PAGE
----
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Not Just Another Fish Story

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Not Just Another Fish Story

By - Mary Tobia
Pennsylvania jounalist
For thirty-five years my husband, myself and our four children who have come and gone, have been spending our summer vacations in the wonderful community of Geddes, South Dakota.

Spending two weeks visiting family and friends is always our yearly oasis away from our Pennsylvania home.

We have visited all of the state attractions many time over, fished the Missouri River, and enjoyed them each, but this summer my husband and I got the opportunity to meet someone who we will never forget.

We were privileged enough to meet South Dakota’s one and only "Walleye Tamer".

The Walleye Tamer is young Geddes entrepreneur Joel Vasek, owner and operator of the Missouri Valley Guide Service.

News and pictures of record catches of this exceptional fisherman had filtered through to us via the hometown paper, the Charles Mix News, making us anticipate meeting him face to face.

This summer, Vasek’s guide service, with the catching of walleye and smallmouth bass fishing has been phenomenal, his clients bringing back their limits on each species of fish.

Vasek is one of the lucky few working-class citizens in America who can proudly admit they have taken their love of a sport and made it into a full time profitable business.

"I started fishing with my dad when I was probably four years old, and I have been fishing ever since," Vasek related.

Growing up on a farm outside of Geddes, he fished in a nearby lake, and as he got older, he was able to purchase an old pick-up truck and a small boat, at which time he started fishing the St. Frances Case on the Missouri River.

During these years of fishing, Vasek honed in on his passion for fishing.

"I have kept a journal for over six years on my fishing experiences each day," Vasek said.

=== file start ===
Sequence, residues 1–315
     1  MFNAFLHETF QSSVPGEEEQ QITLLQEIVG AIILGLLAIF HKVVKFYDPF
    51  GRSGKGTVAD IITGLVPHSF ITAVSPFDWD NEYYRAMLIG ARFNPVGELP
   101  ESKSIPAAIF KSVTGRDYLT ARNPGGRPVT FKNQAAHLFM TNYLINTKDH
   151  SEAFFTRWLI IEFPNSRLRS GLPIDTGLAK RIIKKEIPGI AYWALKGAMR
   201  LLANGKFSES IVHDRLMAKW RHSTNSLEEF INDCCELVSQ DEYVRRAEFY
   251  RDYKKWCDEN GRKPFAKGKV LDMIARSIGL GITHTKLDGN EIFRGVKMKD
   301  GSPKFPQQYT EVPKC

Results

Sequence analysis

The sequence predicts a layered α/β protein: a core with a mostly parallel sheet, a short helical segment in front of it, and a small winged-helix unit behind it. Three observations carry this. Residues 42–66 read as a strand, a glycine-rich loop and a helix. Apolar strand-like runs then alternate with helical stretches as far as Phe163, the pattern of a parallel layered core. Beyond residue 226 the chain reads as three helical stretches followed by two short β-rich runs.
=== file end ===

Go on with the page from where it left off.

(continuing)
To Vasek, fishing is more than luck, fishing is a science. He has been studying the habits of the fish, the water temperature, and weather conditions. He has learned through his many years of experience where the fish will be in any given month and day of the year.

In 2001, with thanks to his dad who first got him interested in fishing, and his brother who set him up with his own internet web page, plus Vasek’s knowledge and skill for fishing, the Missouri Valley Guide Service got under way.

"I am very busy. I’ve been out with groups fourteen days out of the last sixteen. The hot weather has not affected us, instead, it actually has made it better," Vasek admitted.

Vasek has made his business what it is today by sponsorship, and his many client, both old and new.

With our anticipation peaked, and our South Dakota fishing licenses’ in hand, my husband and I were ready to experience the Walleye Tamer up close and personal.

On our short ride to the river, we were quickly "hooked" on Vasek’s South Dakota charm. His enthusiasm for fishing was evident as he related interesting stories from his past.

"Every fisherman is a liar, but I have a picture for every lie I’ve ever told," Vasek jokingly teased.

It was a beautiful summer evening with a cool breeze just beginning to chase away the record heat from the air.

The boat was put into the water at the Pease Creek boat dock, and as we entered the spotless Lund Pro V boat with its Yamaha 225 four stroke motor, I knew this wasn’t going to be just an ordinary boat ride.

As we slowly traveled over the water, we were treated to some of the most beautiful scenery South Dakota has to offer.

With the help of sonar, Vasek pointed out landmarks above and below the water.

"I know pretty much every inch of this part of the river, I am out on it about 300 days of the year," Vasek said.

After about 45 minutes of pure sightseeing pleasure, the lines were cast, and the down riggers baited.

The wait for the "big one" was on.

The wait was short, and the fish were large.

Excitement ran high as each fish was hooked, reeled in, and brought to the boat and netted. The largest being an almost four pound walleye.

The evening ended far too soon but the memories of a wonderful experience will last forever.

Oh, and why do they call Joel Vasek the Walleye Tamer?

Well the answer to that question is best told by Vasek himself.